Lange Voorhout

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Lange Voorhout
Lange voorhout.jpg
Lange Voorhout in 2005
Length0.47 km (0.29 mi)
LocationThe Hague, Netherlands
Coordinates52°4′56″N 4°18′41″E / 52.08222°N 4.31139°E / 52.08222; 4.31139

The Lange Voorhout (Dutch pronunciation: [ˈlɑŋə voːrˈɦʌut])[1] is a street in the old city centre of The Hague, Netherlands. It is L-shaped and runs from Kneuterdijk in the west to Toernooiveld in the east, reaching approximately 0.47 kilometres (0.29 mi) in length.


The Lange Voorhout in 1689.

In the Middle Ages, the Lange Voorhout was bordered by several farms. Only in the 14th and 15th centuries, when the Counts of Holland modernised the governance of the county with new administrative divisions, were houses built in this area. The Lange Voorhout and surroundings pre-eminently became the neighbourhood where courtiers and later statesmen came to live. Between 1350 and 1450, the first town castles of nobles, houses of ducal staff, the Predikherenklooster and residences for high magistrates appeared here. But for centuries the elite did not hold the sole right to live on Lange Voorhout. For a long time, the street was a central terminus for all traffic from and to The Hague; wagons from Leiden and Scheveningen were garaged and unloaded here. This meant that inns, wheelwrights and forges were also established on the Lange Voorhout.

In 1536, Charles V, Holy Roman Emperor, visited The Hague. He decided that the front gardens of all the buildings should be joined together to create a broad avenue. He also ordered that four rows of lime trees be planted, giving it its stately aesthetic. In 1597, stadtholder Maurice, Prince of Orange, proposed to construct a canal along the street. After the Reformation, the Catholic minster was made into a cannon foundry, and a canal could have helped the transport of the heavy cannons. Although a canal was dug along the nearby Mauritskade, a connecting canal along the Lange Voorhout was never constructed, likely due to the high sand bank on which the street was located. In the Golden Age, the very rich settled in palace-like residences on the Lange Voorhout.[2][3][4]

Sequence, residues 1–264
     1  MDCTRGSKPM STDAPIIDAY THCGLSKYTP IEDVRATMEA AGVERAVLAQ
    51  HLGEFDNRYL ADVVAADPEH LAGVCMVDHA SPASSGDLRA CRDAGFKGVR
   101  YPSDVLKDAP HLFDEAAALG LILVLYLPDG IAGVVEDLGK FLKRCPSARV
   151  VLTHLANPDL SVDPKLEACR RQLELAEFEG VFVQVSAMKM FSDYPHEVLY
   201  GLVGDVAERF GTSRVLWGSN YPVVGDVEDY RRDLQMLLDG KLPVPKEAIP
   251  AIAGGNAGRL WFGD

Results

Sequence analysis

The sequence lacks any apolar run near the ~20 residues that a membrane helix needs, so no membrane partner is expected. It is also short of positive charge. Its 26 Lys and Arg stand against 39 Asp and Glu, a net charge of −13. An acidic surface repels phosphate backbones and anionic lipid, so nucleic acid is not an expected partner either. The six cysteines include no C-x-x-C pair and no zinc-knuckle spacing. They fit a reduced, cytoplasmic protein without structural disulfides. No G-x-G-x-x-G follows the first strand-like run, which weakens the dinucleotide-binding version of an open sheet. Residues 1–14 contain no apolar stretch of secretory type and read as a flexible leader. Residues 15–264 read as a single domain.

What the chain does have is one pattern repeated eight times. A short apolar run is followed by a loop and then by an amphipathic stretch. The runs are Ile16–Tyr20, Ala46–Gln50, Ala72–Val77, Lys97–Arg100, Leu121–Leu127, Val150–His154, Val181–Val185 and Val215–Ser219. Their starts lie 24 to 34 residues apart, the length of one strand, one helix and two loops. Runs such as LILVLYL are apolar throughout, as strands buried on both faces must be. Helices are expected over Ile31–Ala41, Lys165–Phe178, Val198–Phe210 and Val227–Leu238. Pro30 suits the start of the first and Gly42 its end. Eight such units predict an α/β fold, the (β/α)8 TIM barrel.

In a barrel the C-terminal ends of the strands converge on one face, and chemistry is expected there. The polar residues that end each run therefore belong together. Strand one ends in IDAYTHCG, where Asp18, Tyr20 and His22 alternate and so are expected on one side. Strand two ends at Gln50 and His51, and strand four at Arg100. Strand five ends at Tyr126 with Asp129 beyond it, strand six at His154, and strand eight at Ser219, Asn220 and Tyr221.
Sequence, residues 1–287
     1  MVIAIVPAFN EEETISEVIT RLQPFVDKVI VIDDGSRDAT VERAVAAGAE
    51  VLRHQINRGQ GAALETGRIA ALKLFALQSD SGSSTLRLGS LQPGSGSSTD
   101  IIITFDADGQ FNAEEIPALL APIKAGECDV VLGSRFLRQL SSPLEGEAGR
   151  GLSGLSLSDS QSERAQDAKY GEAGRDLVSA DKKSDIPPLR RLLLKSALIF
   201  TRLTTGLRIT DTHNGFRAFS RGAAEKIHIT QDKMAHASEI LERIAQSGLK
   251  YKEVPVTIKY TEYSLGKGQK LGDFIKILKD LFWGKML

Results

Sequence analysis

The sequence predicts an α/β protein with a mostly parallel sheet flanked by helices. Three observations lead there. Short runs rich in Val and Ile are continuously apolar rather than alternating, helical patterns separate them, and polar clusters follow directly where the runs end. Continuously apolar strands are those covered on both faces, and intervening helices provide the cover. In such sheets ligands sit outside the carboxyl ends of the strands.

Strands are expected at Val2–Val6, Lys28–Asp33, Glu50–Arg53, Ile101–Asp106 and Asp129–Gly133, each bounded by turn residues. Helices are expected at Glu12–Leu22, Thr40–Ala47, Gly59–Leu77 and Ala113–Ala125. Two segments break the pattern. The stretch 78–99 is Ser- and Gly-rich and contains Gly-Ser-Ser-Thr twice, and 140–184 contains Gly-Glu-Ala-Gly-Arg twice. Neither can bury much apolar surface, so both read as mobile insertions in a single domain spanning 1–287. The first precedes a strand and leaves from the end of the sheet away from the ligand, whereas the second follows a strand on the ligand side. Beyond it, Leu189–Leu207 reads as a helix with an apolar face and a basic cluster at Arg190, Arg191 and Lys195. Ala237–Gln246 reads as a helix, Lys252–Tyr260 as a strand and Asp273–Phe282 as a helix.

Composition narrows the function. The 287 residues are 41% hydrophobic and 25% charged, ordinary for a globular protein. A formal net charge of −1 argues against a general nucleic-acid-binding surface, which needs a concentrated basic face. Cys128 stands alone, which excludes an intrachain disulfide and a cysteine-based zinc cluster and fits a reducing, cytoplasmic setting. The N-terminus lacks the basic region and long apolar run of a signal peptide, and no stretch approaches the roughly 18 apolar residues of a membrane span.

Most Dutch renaissance buildings that were originally located along the Lange Voorhout were replaced in the 18th century. As a result, the houses along the Lange Voorhout today are predominantly 18th century, or constructed in the 19th or 20th century in an 18th-century style. Most of them are Rijksmonumenten. The street is home to a great many institutions and monuments. The Kloosterkerk, a 14th-century minster, is located at number 2. The Supreme Court of the Netherlands is in the building at number 34. Lange Voorhout Palace, today housing the Escher Museum, can be found at number 74. The learned society Diligentia, the art institution Pulchri Studio, as well as the embassies of the United Kingdom, Spain and Switzerland can be found on this street. A monument commemorating Prince Bernhard of Saxe-Weimar-Eisenach was constructed in 1864 near the southeastern end of the street. The former Michelin starred restaurants Saur and Royal were also located here.


  1. ^ Lange Voorhout (in Dutch), VVV.NL. Retrieved 1 March 2016.
  2. ^ "Lange Voorhout". Geschiedenis van Den Haag (in Dutch). Retrieved 26 June 2014.
  3. ^ "Lange Voorhout (voir den Houte)". De Pagina's over Den Haag (in Dutch). Retrieved 26 June 2014.
  4. ^ "Speech by Mayor Jozias van Aartsen at the opening of 'Grandeur', 17 June 2014". The Hague. 18 June 2014. Archived from the original on 26 October 2015. Retrieved 26 June 2014.

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Coordinates: 52°4′56″N 4°18′41″E / 52.08222°N 4.31139°E / 52.08222; 4.31139